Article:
How to build a Deck with Handrail and Steps

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This deck, handrail and steps project required a building permit. This tutorial covers aspects of the project’s construction, along with some of the plans that were submitted to the authority when applying for building permission.

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Prelude to the construction
The owners wanted a hardwood deck coming out from their back door with spreading steps down to the yard.

The Plans

These are some of the plans that were drawn up to obtain a building permit for a deck.

The Site Plan

The site plan shows the placement of the proposed new deck in relation to the existing house along with the site boundaries, location of services (storm water, sewer etc.) The site plan also shows the road frontage with road name and an indication of North.

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The Flat Plan

The flat plan or footprint plan is an arial (looking down) view of the proposed deck. It shows the overall dimensions of the project and other information such as footing placements, bearer and joist placement, and spacings between joists.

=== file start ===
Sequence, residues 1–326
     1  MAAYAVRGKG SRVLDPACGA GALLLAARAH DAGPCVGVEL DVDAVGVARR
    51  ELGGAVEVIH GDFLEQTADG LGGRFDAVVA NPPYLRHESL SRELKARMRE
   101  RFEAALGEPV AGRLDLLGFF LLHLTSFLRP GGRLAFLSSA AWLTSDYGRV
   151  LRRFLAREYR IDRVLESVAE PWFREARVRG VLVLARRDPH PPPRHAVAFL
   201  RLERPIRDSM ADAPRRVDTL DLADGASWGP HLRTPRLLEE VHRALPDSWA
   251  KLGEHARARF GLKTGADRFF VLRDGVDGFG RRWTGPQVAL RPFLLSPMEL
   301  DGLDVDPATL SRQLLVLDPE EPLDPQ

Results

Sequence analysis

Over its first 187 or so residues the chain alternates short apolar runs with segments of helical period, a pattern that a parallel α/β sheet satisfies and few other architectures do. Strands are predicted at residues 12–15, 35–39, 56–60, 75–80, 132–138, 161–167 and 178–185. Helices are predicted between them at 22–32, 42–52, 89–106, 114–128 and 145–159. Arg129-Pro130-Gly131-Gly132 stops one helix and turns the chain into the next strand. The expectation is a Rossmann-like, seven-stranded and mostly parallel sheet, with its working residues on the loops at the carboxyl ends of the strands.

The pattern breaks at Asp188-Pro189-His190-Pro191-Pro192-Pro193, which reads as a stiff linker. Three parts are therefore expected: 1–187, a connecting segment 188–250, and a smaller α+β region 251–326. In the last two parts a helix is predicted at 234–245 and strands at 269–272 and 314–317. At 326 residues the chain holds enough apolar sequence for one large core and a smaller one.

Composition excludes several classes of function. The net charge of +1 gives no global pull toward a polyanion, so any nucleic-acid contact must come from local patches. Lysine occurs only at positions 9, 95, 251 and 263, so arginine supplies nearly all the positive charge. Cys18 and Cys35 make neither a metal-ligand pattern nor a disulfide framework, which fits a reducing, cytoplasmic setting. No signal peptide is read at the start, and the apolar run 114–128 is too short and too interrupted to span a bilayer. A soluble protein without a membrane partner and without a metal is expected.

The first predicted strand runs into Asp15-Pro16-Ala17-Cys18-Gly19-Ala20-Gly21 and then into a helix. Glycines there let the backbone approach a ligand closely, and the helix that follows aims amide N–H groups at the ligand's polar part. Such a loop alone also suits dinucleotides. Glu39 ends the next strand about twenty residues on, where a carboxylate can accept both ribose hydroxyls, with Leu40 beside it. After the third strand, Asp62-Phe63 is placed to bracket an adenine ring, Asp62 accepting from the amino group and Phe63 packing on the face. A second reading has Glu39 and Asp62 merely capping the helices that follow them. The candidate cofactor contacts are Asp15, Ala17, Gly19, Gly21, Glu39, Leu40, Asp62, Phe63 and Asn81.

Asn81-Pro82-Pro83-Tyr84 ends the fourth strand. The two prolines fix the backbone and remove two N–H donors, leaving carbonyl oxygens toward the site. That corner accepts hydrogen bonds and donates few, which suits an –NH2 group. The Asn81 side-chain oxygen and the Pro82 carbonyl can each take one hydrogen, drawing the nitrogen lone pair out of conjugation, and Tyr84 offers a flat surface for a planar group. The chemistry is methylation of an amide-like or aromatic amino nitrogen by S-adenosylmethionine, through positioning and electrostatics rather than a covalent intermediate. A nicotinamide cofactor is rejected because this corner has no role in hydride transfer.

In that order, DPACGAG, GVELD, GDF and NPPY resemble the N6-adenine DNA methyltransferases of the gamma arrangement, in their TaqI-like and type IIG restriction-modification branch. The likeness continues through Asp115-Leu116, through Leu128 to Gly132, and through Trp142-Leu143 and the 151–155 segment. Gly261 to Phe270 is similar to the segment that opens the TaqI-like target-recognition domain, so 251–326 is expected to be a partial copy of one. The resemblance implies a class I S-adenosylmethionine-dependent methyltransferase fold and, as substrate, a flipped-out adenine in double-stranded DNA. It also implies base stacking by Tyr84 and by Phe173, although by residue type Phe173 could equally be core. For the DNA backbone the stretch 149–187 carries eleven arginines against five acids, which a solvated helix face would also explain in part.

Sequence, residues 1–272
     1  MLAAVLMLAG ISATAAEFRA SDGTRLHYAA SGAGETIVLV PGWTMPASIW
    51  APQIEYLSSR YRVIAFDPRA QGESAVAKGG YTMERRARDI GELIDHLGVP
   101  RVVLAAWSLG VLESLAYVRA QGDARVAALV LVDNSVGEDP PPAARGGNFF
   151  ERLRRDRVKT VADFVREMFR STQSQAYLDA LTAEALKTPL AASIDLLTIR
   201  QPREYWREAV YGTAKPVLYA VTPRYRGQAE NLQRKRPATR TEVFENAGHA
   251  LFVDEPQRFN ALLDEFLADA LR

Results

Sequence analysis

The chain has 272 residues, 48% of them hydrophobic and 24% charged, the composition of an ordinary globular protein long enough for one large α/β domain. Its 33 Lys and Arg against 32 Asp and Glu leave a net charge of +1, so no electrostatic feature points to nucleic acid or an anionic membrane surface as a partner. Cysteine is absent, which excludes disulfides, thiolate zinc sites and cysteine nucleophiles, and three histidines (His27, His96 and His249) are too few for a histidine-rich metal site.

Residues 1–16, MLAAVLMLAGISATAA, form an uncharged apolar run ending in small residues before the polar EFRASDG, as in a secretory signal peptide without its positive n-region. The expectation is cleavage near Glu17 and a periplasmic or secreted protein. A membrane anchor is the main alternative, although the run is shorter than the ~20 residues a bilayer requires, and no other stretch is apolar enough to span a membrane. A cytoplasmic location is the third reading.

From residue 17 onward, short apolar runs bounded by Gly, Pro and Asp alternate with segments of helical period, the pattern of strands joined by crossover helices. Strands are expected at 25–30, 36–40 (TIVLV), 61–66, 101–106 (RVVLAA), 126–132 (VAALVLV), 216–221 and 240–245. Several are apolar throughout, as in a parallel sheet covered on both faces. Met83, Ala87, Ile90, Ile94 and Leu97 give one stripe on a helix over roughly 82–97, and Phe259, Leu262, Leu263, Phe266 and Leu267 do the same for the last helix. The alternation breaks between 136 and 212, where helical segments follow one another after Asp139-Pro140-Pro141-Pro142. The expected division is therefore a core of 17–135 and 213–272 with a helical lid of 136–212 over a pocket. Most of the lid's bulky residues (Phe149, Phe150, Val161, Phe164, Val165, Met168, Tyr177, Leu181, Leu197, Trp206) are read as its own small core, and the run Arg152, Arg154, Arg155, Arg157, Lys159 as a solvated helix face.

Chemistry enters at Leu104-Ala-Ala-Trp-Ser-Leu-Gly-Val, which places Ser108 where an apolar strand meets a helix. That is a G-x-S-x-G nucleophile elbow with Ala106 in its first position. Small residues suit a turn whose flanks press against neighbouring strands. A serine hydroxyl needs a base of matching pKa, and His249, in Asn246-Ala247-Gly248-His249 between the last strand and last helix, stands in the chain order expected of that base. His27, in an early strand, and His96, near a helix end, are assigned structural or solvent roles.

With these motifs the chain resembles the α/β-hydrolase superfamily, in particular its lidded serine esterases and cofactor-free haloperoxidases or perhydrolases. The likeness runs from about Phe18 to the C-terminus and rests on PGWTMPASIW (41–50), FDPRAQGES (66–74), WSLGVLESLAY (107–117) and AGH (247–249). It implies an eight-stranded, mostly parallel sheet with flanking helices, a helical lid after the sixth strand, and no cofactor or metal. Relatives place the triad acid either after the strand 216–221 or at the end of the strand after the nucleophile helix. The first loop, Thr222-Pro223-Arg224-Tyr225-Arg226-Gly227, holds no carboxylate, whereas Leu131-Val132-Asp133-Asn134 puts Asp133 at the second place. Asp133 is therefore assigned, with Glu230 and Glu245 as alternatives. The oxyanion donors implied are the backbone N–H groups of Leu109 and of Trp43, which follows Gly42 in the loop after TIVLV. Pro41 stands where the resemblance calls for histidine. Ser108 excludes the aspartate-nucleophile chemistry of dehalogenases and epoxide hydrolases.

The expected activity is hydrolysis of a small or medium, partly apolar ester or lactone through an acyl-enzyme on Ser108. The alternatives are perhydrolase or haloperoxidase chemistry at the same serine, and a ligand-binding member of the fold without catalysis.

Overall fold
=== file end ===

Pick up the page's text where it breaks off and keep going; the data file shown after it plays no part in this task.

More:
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The Cross-Section Plan

The cross section plan is a plan taken from a cross section of the flat plan. The cross section shows construction, lumber sizes and footing size. A detail plan is sometimes accompanied to give clearer detail. A detail plan is a blow up (magnified) part of the plan.
Specifications are sometimes drawn on this page (material types, sizes etc).

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The Elevation Plan

The elevation plan is more like a drawing of the outside of the addition rather than a plan, although is still drawn to scale. The elevation plan gives a good perspective of the addition to the untrained eye.

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Constructing the deck

The deck construction. Click on any red text for an explanation